- Allen Wrench
There are a lot of choices when it comes to hydration packs. We find them more convenient than a bottle strapped to your bike, but it all comes down to your individual choice. The important thing here is to ensure you have proper hydration when you ride. Failure to do so can result in heat related injuries, so make this priority each time you ride. The amount you take with you will depend on how long you are riding, but play it safe and overcompensate. Of course, you will need a camel pack or back pack to carry your hydration pack.
- Jersey made with quick dry and breathable material. We want to ride comfortably, right?!
- Shorts. Invest in ones that have a seating pad for extra comfort when riding.
- Shoes with non-slippery sole. Athletic shoes are fine if you are pushing the pedals. If clipped in, then you are using biking specific shoes, which can be purchased at your local bike shop. We recommend a shoe with non-slippery sole in case you have to hike a bike.
- Take a windbreaker. Carry it in your pack if it’s too warm to wear. There are many rides where the temperature cools down as you climb higher in elevation and coming back down may be a bit chilly. If you run into issues (like get lost) and you lose sunlight, you’ll be happy you have it.
As much we mountain bikers thrive on being outdoors, we need to understand that we are not the only ones out there. We are typically joined by other bikers, trail runners, equestrians, and hikers. We also need to be mindful of when and where it is appropriate to ride. There are unwritten rules that apply out there that are based on common sense. Let’s discuss a few of these:
Just like driving a car, people on foot have the right of way. If I’m coming up on some hikers, I like to shout out a friendly warning that I’m right behind so I don’t startle anyone. Slow down so accidents don’t occur. A lot of people enjoy listening to music and have earphones on, so you have to make sure you are being heard.
If you come across someone on a horse, please stop and let them go through. A horse can easily be scared if you startle it or come at it at full speed. This is not good for the person riding the horse, or you! Most equestrians are cool and will let you pass.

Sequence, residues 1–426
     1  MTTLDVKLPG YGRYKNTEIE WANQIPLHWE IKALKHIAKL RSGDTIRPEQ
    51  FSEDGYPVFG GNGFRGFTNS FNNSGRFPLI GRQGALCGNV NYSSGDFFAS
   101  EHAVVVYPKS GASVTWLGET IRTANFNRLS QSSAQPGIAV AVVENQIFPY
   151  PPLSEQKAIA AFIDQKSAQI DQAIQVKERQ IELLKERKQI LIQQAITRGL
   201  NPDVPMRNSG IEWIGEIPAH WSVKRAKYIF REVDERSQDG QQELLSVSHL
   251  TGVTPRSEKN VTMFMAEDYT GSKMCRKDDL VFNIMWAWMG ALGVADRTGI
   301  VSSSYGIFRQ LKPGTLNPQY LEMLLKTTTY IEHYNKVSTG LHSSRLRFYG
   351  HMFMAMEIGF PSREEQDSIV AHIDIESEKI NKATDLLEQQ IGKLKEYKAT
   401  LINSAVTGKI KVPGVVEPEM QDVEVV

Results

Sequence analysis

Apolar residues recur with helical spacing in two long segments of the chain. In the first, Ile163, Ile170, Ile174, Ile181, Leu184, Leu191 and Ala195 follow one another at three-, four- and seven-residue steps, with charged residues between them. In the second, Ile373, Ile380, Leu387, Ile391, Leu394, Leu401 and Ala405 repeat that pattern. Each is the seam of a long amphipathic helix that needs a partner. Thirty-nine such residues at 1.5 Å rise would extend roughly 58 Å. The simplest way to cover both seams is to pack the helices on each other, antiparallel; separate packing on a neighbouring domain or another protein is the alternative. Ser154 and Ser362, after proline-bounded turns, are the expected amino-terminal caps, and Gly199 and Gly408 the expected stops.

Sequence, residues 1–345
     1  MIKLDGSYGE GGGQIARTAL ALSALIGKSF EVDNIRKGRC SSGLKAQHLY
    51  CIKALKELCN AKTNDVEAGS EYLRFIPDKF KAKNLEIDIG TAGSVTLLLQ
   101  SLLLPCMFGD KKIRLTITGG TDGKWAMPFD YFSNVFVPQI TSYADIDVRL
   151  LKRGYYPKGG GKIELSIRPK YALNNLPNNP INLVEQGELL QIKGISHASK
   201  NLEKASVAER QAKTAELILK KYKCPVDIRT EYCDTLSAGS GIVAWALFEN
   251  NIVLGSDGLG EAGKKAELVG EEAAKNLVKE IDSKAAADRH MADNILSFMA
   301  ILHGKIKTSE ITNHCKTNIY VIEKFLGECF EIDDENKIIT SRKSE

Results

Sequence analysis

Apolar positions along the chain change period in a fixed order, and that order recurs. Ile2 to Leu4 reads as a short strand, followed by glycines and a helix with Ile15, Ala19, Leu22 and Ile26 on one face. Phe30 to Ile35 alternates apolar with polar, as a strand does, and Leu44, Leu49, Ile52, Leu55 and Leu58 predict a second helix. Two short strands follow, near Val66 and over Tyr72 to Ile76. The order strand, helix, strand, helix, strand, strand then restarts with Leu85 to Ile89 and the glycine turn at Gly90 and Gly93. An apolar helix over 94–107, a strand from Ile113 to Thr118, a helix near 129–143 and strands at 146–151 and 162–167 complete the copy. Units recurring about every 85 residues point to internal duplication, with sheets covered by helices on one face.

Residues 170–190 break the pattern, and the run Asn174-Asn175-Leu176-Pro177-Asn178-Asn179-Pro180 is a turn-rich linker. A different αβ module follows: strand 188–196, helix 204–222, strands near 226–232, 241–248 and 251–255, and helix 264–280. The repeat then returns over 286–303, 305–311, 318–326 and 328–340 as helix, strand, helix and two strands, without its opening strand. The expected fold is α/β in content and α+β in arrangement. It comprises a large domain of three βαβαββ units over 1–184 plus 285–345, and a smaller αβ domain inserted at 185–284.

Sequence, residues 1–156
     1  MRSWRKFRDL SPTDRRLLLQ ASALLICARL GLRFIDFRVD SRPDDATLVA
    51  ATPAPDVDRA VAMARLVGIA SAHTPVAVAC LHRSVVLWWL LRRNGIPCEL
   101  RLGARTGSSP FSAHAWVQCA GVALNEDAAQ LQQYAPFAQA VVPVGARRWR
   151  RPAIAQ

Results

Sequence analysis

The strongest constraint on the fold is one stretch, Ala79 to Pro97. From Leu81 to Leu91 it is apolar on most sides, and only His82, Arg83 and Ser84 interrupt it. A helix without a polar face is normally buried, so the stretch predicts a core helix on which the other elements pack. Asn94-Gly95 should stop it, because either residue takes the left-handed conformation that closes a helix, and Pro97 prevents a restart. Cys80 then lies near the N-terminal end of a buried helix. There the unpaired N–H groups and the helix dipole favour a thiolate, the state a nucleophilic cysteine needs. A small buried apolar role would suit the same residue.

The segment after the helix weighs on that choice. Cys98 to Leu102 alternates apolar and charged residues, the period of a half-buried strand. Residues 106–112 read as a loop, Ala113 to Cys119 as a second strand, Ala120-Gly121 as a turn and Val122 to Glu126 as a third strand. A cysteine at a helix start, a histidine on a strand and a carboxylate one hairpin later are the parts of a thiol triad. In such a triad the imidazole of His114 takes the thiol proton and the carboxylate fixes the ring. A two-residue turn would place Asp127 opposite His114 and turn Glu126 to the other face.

Downhill or Uphill/Right-of-Way
The general rule is that the person climbing the trail (especially narrow single-track), has the right of way. I know we enjoy bombing down the trails, but we need to understand that people may be working their way up.
Riding After It Rains
For the most part, you want to avoid riding the trails for at least 3 days after a good rain. There are some trails that are made of decomposed granite and dry within hours, but they are the exception if you must ride. The San Juan trails are perfect examples of trails that are great to ride after it rains. Overall though, avoiding the trails is a good practice if we are to be good stewards of our land! After it rains, our bikes can leave tracks in the mud, that eventually become ruts. This is a constant battle with our city maintenance trail crews, as they do their best to keep the trails in good condition. Some parks such as Laguna Canyon Wilderness actually close the gates for several days after it rains to preserve its trails. And when it rains, it is muddy out there! I’ve personally have had to turn back because my tires were so caked with mud and had no traction. It is disappointing, but a lesson that I had to learn the hard way!
This goes without say. It still surprises me to see trash out on our trails though, so not everyone cares about the environment as much as they should. Please don’t add to the problem. If you are able to pick up trash when encountering it, even better. There are several groups out there that organize events to work on and clean up our trails, so that also presents an opportunity to do something positive for our earth.
Some of our favorite places to ride have trails that meander through neighborhoods and cruise alongside homes. Please be respectful and give our neighbors the courtesy they deserve by keeping noise down as you ride through. Practice the Golden Rule, and you will be fine.